• I had peace about homeschooling my teenager this year.
  • I have peace about not having a second income even though our expenses went up this year.
  • I had peace about my husband having hip surgery this summer, and I have peace about his upcoming knee surgery.

In my previous life, all these life circumstances would’ve stressed me out. But now, every day, I seek more of the Holy Spirit.

In Luke 11 after Jesus’s says “knock and it will be opened to you” (verses 9-10), he says, “If you then, being evil, know how to give good gifts to your children, how much more will your Heavenly Father give the Holy Spirit to those who ask Him?” (verse 13).

And I’ve been asking.

You know what we get when we have more of the Holy Spirit? We get the fruit of the Spirit—love, joy, peace, patience, kindness, goodness, faithfulness, gentleness, and self-control (Galatians 5:22-23).

So, I say to you today,

  • confess your sins—big and small—so that you can be whiter than snow (Psalm 51:7),
  • ask for more of the Holy Spirit (Luke 11:13) so that you can have peace that passes all understanding (Philippians 4:4-7), and
  • go make Christ appealing to every Gentile and every Jew you meet so that they want to accept Christ as their Lord and Savior (Matthew 28:19-20).

In Christ,

Cheryl

Faces of Abortions OR Call Me a Missionary to McDonald’s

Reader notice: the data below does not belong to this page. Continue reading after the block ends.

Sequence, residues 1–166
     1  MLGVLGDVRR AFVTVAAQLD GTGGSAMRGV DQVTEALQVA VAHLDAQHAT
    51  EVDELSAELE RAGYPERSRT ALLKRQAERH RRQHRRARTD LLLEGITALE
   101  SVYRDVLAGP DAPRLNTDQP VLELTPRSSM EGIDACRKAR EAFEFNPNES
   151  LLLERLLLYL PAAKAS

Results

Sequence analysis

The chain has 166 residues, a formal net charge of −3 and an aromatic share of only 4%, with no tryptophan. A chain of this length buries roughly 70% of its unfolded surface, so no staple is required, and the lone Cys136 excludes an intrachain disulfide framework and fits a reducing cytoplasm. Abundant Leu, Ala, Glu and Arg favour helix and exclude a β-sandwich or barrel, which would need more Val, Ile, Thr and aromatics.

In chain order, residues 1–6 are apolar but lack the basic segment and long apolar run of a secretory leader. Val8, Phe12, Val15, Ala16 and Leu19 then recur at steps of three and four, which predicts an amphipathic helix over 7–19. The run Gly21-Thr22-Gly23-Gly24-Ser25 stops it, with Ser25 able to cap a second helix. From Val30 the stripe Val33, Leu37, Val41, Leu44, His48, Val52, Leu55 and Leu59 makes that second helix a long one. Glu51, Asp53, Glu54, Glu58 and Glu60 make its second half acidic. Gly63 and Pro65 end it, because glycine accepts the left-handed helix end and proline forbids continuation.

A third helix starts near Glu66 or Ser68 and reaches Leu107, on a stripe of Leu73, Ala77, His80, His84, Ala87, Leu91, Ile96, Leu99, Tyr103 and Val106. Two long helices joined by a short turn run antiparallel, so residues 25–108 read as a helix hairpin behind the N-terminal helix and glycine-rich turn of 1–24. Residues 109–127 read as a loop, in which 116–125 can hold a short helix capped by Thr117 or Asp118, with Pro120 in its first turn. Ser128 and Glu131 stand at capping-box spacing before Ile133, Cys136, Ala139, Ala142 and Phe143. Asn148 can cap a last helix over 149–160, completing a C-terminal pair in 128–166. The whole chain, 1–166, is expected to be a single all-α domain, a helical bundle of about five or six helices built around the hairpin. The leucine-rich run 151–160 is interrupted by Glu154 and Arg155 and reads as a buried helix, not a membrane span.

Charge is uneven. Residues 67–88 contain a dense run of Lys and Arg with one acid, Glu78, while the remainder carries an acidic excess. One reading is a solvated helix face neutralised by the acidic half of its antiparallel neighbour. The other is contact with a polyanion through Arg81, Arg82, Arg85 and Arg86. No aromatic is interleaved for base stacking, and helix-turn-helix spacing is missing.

Dear Christian Sisters,

People’s lives are messy.

The circumstances surrounding a woman’s decision to abort are messy.

We need to be the love of Christ to women in their messiness. We are responsible for the Great Commission, and we should think of these women as potential disciples.

Who I am Today

Because most of you don’t know me, let me paint a picture of who I am today. I am married to an evangelical Christian man, Russ, who helps support the airlines so their planes stay in the air and not on the ground—which I know you all appreciate.

I have 2 boys school-age boys—one with Aspergers and one with ADHD. They were in public school until recently, and now I homeschool them both.

I have a bachelors degree in technical communication, and I nearly finished my master’s degree in instructional technology. Before I decided to stay home to raise boys, I was a project manager leading teams to create web-based training for big corporations like Target, Northwest Airlines, and 3M.

A couple years ago, I went back into the workforce at our church until this year when I chose to stay home to homeschool my high schooler.

I am on the prayer team, I am in bible study class Sunday mornings, and I am in a special needs moms’ small group—although I have to admit that my kids’ special needs are so much easier than all my girlfriends’ kids.

But what I love about that group is that they understand that life is hard.

Because, you see, my home while in high school was not easy.

Well, it started easy. I am the spoiled youngest of three. My sister and brother are a bit older than me, so when I was done with 5th grade, they were both off at college, and I was the spoiled only child.

Living in a Home Tormented with Schizophrenia

But in the middle of 10th grade, my sister and her 6-month-old baby boy came home for Christmas and never left. Her husband had left her because she had a mental illness that he couldn’t handle.

Suddenly, I was the neglected middle child.

This situation led to a lot of arguing in my house. As some of you know, having three generations living in the same house is challenging because parents and grandparents don’t always agree on how to raise the child, so you have that natural tension.